A look at Minnesota medical waste requirements.
In the state of Minnesota medical waste is regulated by the Minnesota Pollution Control Agency, and many of the rules and regulations are similar, if not the same as many other states we’ve discussed. The reason for this is many states adopt regulations based on federal laws so that there is a universal protocol for infection control and environmental protection.
Here’s some of the rules for Minnesota medical waste regulation.
Like other states, Minnesota requires sharps to be kept in rigid, puncture-resistant containers that have lids or caps that are designed to prevent loss or leakage of the contents. Sharps must remain packaged throughout collection, storage, decontamination, and any handling processes that precede disposal. Perhaps one specific difference in the state of Minnesota is the explicit labeling of sharps waste: containers must be labeled clearly “Sharps” in letters at least one inch high with a stroke width of one-eighth inch and with either the international biohazard symbol, at least three inches by three inches, or the words “Infectious Waste” in letters at least one inch in height with a stroke width of one-eighth inch.
Infectious waste, or red bag waste, must be contained in plastic bags that are impervious to moisture, and of sufficient strength to prevent ripping, tearing, or bursting. Another interesting and specific requirement for red bag waste is all bags must pass a “165-gram dropped dart impact resistance test.” While a federal requirement, it’s seldom mentioned in state regulation documents. The test requires that a film bag shall meet an impact resistance of 165 grams and a tearing resistance of 480 grams in both parallel and perpendicular planes with respect to the length of the bag.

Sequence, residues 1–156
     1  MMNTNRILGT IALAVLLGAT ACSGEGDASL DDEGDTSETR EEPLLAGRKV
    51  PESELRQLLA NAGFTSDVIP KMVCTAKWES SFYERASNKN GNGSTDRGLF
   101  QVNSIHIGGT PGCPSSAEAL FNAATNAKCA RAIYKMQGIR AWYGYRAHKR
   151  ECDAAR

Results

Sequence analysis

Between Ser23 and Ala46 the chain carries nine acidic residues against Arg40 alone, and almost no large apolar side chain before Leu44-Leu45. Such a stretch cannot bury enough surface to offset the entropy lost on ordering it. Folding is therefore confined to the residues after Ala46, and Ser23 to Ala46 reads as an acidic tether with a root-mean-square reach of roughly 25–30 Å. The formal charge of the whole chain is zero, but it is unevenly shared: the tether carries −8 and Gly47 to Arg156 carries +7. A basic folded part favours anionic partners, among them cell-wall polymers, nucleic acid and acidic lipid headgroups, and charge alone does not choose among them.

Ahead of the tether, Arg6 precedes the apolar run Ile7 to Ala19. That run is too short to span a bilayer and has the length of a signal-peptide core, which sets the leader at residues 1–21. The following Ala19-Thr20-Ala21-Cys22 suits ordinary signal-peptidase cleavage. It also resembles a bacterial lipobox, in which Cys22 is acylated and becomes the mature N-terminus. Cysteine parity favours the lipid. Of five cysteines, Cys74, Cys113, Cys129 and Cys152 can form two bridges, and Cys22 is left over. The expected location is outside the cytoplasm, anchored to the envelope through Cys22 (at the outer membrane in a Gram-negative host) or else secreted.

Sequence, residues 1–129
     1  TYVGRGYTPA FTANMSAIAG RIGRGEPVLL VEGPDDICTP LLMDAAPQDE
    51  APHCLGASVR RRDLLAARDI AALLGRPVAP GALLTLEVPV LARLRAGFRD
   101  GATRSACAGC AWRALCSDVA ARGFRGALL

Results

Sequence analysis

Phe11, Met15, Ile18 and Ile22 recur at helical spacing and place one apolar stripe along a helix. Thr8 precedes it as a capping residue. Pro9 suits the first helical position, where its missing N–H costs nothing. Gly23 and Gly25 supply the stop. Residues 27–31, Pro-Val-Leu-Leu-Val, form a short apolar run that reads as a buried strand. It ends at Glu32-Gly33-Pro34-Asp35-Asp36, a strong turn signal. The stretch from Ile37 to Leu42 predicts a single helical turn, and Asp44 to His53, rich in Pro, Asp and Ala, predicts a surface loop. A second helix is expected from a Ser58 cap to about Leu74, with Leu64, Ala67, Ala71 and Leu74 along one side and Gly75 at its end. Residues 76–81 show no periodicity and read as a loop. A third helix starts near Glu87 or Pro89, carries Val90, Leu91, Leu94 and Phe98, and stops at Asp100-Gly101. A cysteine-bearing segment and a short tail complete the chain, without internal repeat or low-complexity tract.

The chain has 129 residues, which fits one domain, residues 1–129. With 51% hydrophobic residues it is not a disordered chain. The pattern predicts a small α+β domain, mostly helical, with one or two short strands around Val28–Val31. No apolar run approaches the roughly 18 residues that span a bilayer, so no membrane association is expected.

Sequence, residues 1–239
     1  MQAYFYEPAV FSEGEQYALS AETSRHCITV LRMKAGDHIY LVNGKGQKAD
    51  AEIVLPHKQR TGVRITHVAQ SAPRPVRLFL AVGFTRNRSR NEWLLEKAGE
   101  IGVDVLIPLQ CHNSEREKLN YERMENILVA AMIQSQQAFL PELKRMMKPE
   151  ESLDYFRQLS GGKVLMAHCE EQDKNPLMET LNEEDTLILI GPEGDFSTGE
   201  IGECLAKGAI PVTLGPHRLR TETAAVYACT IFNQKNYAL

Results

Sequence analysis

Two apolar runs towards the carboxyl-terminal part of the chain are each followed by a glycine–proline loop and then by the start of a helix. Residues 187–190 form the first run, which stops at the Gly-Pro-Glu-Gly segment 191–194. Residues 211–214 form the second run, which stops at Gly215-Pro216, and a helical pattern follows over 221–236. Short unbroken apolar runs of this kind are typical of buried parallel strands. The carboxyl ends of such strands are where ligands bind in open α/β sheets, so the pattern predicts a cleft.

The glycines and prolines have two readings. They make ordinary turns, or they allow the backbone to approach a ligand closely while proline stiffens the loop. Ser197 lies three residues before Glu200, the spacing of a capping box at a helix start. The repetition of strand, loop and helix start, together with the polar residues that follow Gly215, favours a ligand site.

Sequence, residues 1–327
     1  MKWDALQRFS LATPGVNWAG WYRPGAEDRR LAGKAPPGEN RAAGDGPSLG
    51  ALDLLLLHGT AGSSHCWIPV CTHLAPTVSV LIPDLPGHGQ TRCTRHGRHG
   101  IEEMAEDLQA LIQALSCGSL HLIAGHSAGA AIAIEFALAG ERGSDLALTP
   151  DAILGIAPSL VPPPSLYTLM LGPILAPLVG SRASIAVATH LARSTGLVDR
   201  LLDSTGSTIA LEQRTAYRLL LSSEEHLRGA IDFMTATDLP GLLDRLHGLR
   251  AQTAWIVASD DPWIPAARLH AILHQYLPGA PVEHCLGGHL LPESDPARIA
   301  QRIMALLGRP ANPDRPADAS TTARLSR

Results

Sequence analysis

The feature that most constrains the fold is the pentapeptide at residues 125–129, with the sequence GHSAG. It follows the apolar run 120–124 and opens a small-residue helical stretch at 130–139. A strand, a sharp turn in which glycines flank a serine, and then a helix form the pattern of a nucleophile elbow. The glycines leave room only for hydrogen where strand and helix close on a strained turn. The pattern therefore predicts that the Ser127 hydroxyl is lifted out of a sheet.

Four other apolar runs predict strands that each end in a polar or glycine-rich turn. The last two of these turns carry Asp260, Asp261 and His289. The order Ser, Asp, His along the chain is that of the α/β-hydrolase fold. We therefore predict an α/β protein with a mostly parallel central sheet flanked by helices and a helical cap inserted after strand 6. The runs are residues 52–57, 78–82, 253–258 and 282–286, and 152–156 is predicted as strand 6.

Medical waste must be stored in such a way that it is inaccessible to unauthorized persons. Storage areas must be prominently marked with the international biohazard symbol and with the words “Infectious Waste” on or near entry doors.
Approved treatment for medical waste includes incineration, autoclaving, or other decontamination methods that have been approved by the commissioner for the decontamination of infectious waste.
Minnesota is also one of 21 states operating an approved occupational safety and health program. Minnesota employers under the jurisdiction of Minnesota OSHA must comply with both the federal OSHA Standards adopted by reference in Minnesota and Minnesota Statutes and Rules.
Learn how your state handles medical waste requirements.
- The Four Types of Medical Waste
- What Is NOT Considered Medical Waste?
- Avoid Medical Waste Risks in the Workplace
- Top 5 Medical Waste Violations: Is Your Facility Guilty?
- Choosing the Right Sharps Containers for Your Facility